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Category: Reflections Date: 13 Nov 05


Emerging from the grocery with the boy wheeling a trolley with my purchases, I was taken back with the abrupt onset of darkness, and the signs of rain gleaming like oil in puddles in the car park.


Normally, the thought of swift darkness brings on pleasurable anxiety of a long festive season. It’s that time of year already, I thought with surprise, of soft breezy grey evenings fading to black.


Now there was no pleasure. Instead, I thought, I need to get out of this dark car park fast.


“You are de writer?”


I turned to look at the boy asking the question. Couldn’t be more than 17, a gangly teenager wrestling with a swiftly-growing body. Baby face, intense eyes; faded mismatched clothes. Clearly poor.


Before I could reply, another question:


“Or, are you the journalist?”


“It depends on what I’m working on,” I said. Sensing his disappointment I added: “You can be both.”


“I write,” he offered.


“What do you write?” I asked.


“Stories, hymns. I does write it all.”


I wondered about the grammar of the writing; the books that he had read; all the unarticulated thoughts and stories in him; the fact that he looked like he hadn’t finished school; the raw yearning, the fact that he probably would never make a cent as a writer.


We started emptying the bags from the trolley into the car.


“How long I go ha to train to be a journalist?” he asked.


“It depends,” I said, feeling like an unhelpful villain in a bad film, knowing I would lose him with my answer, that no colleague of mine would consider him for employment, unless it was to run errands, on “your current level of skill.”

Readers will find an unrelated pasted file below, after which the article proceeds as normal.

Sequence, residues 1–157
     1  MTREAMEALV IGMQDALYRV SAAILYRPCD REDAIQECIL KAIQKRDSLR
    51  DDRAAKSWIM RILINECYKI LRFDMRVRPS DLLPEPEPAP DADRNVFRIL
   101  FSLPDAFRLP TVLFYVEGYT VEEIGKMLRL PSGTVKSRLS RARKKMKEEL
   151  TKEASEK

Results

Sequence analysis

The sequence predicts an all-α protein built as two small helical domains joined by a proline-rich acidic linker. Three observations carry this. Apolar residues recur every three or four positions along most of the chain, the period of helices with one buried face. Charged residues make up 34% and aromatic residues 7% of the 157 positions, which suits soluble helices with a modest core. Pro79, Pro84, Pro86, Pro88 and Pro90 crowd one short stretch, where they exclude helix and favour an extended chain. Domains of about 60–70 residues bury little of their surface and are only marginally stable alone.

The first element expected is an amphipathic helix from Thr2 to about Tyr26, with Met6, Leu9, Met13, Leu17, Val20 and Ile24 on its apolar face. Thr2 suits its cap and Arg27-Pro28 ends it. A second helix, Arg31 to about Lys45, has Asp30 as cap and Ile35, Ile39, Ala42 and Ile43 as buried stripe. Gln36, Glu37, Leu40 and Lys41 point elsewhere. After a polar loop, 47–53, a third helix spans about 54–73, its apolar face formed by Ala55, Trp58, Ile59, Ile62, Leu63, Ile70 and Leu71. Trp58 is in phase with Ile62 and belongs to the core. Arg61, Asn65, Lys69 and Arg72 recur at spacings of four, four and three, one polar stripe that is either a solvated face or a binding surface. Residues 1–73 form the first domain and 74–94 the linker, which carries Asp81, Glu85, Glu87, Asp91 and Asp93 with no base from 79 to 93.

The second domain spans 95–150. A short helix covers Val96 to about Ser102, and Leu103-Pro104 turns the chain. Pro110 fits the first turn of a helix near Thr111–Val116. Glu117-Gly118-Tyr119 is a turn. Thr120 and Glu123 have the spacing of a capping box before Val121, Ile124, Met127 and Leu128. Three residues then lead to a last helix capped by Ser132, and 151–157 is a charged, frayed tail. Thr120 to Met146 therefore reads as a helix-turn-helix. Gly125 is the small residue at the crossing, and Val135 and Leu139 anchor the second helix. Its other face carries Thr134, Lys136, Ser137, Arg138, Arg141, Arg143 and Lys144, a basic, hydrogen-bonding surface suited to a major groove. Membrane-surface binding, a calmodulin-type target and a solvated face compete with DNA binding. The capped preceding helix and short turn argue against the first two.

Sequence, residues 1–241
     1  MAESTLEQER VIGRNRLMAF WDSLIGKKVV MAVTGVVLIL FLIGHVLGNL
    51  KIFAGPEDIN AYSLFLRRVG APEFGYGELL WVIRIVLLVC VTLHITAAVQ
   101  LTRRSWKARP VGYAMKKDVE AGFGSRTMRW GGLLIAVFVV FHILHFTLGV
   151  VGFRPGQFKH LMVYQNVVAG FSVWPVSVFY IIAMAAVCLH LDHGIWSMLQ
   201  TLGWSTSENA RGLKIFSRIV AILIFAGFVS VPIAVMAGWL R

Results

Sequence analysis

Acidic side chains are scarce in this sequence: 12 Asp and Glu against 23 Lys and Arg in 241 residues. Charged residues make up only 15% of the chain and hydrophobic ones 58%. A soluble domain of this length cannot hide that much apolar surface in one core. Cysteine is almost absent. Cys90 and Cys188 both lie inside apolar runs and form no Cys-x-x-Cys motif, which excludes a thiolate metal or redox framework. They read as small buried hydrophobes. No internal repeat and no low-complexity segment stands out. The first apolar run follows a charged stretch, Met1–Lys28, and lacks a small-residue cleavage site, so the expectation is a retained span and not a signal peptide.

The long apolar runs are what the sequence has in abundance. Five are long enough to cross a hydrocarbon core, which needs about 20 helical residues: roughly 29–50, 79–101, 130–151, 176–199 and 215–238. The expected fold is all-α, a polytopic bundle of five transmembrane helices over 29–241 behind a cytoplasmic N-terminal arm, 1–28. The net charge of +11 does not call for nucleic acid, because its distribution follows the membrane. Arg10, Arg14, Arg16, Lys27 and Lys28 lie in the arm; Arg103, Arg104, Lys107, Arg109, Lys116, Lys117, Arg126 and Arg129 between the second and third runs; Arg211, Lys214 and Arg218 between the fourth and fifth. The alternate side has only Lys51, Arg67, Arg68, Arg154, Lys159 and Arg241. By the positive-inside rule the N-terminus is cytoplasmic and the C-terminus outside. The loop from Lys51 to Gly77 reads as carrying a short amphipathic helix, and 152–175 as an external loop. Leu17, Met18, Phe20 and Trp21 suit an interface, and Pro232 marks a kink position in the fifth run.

“So what to do?” he persisted. “I done write to them and none of them reply me.”


“Try again,” I said impotently, holding an encouraging smile as I drove away.


If I had seen this young man in a dark car park approaching me I would have shied away from him. But he was as far away from a criminal as you could get. He was a writer, a poet in waiting.


He could, if he had the right parents to push him through school, the right teachers, the right school, a decent economic background, have been a writer.


To the world, he was a potential menace from whom you would shy away in a dark car park. He was stuck with an image of himself that didn’t reflect him, trapped inside a concrete block image.


That left him as powerless as the puddles we stepped in until a predator offers him cash, a gun, a ready-made identity.


I remembered exchanging stories about my years as a student in England with my husband. I told him how I would cross the road when I came across football hooligans drunk after a match. “Funny,” he said. “I had the same experience. As a young black Indian man in Manchester with a shaved head, I found old ladies crossed the street when they saw me.”


No wonder then, the contempt for a middle class, “white” march against crime. No wonder, then, the grassroots‚ support for a Mugabe-style, Islamic leader who wants to take from the rich and give to the poor.


We produce these young men with guns. We neglect them. We create them.


There is another way. I witnessed it at the St Mary’s College debate. Young articulate boys, they will all go to university; lead this country. If old ladies cross the street when they see him they will laugh.


Colour won’t matter. I was overjoyed to see Selwyn Ryan’s son Kwame, who took London by storm recently with his debut at English national opera, where he conducts Strauss’ Salome, put a British reporter in his place.


When asked whether his career was affected by the colour of his skin, Kwame said he had never thought about it, treating the query as irrelevant; a stupid question hanging uselessly in the air.


Still, I think of the trapped minds of the boys who’ve never been given a chance, of my mute poet in the car park.


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All Articles Copyright Ira Mathur